How an Iowa State grad overcame loss of both parents to thrive in public radio
Iowa State University student Kody Olson implores legislators to reconsider cuts to state schools in the state budget.
A few years ago, Henry Zimmerman's outlook was dominated by "nevers."
He thought he would never graduate from high school. He dropped out of Sioux City West High School when he was 16, just like his brother and sister before him.
He thought he would never go to college.
He thought he would never have a job beyond food service, repair or another trade.
But the 24-year-old Henry plans to be among about 5,000 people graduating from Iowa State University this week.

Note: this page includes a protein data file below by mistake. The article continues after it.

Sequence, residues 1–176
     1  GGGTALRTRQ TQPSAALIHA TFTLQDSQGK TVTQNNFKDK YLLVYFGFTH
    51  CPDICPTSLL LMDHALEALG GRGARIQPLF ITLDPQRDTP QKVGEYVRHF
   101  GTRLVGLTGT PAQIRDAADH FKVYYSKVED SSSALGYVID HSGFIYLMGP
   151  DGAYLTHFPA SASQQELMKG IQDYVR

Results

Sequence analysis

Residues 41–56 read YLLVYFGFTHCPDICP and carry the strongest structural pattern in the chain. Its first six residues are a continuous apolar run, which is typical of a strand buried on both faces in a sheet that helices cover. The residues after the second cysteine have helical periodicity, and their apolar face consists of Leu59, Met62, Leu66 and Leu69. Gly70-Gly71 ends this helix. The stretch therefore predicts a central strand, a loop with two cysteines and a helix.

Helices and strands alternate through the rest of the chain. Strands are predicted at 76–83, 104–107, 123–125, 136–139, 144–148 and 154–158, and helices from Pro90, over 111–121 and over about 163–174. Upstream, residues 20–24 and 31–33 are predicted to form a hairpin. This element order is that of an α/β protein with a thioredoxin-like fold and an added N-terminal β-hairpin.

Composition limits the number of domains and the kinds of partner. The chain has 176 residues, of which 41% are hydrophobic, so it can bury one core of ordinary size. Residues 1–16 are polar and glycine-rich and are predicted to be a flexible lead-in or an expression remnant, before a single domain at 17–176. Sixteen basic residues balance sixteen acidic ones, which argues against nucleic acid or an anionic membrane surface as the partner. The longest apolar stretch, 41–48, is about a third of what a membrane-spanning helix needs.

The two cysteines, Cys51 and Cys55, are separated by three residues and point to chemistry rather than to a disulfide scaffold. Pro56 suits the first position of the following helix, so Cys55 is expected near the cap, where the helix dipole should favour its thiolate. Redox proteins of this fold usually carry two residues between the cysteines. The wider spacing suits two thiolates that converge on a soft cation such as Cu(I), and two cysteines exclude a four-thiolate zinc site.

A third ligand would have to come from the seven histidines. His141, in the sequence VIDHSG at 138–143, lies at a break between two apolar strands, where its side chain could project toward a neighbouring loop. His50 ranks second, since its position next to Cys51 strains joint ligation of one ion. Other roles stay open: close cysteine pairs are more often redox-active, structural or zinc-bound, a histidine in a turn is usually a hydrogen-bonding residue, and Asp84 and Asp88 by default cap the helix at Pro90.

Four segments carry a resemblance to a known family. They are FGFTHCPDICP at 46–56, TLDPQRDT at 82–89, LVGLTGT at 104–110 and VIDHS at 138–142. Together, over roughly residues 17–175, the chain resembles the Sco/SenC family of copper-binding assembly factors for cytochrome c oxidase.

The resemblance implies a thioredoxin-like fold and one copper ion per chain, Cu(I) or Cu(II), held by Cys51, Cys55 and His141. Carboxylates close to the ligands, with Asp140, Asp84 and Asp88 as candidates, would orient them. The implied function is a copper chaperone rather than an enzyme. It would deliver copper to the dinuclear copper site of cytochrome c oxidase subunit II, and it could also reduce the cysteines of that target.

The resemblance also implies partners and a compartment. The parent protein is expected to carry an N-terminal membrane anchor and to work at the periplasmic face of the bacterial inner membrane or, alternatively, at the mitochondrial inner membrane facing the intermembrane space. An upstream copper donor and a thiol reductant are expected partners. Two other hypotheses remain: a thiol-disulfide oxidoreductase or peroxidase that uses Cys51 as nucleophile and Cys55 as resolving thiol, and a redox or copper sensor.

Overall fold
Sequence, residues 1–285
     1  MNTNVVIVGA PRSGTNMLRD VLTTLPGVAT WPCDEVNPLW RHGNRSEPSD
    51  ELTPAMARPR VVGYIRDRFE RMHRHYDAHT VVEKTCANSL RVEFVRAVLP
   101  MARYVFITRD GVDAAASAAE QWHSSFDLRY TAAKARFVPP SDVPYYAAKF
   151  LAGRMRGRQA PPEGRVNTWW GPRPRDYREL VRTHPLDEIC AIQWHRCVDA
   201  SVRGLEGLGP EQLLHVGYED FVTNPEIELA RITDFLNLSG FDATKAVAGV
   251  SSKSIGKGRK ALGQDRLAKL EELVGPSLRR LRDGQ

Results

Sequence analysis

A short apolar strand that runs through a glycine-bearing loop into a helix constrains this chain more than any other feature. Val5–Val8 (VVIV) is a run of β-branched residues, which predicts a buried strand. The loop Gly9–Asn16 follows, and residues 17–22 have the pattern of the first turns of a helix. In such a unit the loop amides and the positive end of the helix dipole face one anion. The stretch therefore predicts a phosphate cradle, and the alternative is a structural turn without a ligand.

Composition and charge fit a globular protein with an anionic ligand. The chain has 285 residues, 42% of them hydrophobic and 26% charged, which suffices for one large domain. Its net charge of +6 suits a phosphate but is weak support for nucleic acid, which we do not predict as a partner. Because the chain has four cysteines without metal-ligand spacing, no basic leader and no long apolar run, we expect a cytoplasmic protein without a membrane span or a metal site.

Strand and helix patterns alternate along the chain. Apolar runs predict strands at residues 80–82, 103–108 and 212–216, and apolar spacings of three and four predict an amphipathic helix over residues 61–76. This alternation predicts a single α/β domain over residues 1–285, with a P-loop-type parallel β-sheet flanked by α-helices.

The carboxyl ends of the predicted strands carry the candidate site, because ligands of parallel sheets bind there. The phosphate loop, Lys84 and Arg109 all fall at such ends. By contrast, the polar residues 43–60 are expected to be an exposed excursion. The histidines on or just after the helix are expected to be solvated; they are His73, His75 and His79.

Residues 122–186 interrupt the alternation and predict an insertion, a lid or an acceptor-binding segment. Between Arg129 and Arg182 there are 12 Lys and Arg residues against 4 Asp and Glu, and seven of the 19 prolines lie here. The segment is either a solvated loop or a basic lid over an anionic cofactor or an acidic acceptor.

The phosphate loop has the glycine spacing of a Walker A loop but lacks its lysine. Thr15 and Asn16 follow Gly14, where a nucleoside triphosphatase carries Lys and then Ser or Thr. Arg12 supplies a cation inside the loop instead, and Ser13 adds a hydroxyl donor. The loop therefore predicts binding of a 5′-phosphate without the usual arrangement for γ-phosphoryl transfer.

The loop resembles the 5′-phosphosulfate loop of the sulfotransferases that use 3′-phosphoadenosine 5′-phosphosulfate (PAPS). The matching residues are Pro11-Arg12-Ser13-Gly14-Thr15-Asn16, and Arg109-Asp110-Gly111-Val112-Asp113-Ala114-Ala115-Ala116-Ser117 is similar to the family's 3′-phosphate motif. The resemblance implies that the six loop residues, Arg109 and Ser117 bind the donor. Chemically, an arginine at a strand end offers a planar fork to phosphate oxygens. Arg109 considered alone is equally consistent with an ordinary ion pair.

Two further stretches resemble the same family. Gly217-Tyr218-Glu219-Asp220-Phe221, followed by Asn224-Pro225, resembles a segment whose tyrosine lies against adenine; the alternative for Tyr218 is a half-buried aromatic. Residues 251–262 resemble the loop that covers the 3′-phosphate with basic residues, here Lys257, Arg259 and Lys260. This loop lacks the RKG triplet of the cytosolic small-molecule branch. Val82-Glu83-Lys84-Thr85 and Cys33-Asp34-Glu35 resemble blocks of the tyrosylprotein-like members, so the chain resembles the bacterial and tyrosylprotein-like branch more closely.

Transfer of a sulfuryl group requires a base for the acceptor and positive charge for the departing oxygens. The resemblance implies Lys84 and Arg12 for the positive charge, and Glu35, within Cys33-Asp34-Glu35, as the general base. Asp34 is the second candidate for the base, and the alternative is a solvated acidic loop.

He's one of 10 finalists for the prestigious NPR Kroc Fellowship, a yearlong program designed to help identify the next generation of public media journalists.
"There's a part of me that still can't believe this is real," Henry said last week as he took his final exams. "I've always had this sort of imposter syndrome, that I didn't belong here and that I could never make it."
Now, Henry is a young man on the verge.
Early childhood struggles
Henry's path to a college diploma is one filled with tragedy, grit and personal growth.
His parents divorced when he was in elementary school, in part because of his father's alcoholism, Henry said.
He and his sister split time between their parents; four days at one house and four days at the other.
One day, when Henry was 6, he found his father passed out on the floor.
He poked and prodded his dad, but he wouldn't wake up.